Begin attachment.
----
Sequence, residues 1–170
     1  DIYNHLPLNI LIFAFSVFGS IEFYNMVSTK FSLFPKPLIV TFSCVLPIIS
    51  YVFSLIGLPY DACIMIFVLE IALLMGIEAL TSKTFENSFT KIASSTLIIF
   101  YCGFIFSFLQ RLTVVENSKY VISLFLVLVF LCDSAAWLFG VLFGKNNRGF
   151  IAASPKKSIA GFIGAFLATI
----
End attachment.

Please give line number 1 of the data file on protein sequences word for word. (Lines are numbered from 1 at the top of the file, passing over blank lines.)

Sequence, residues 1–170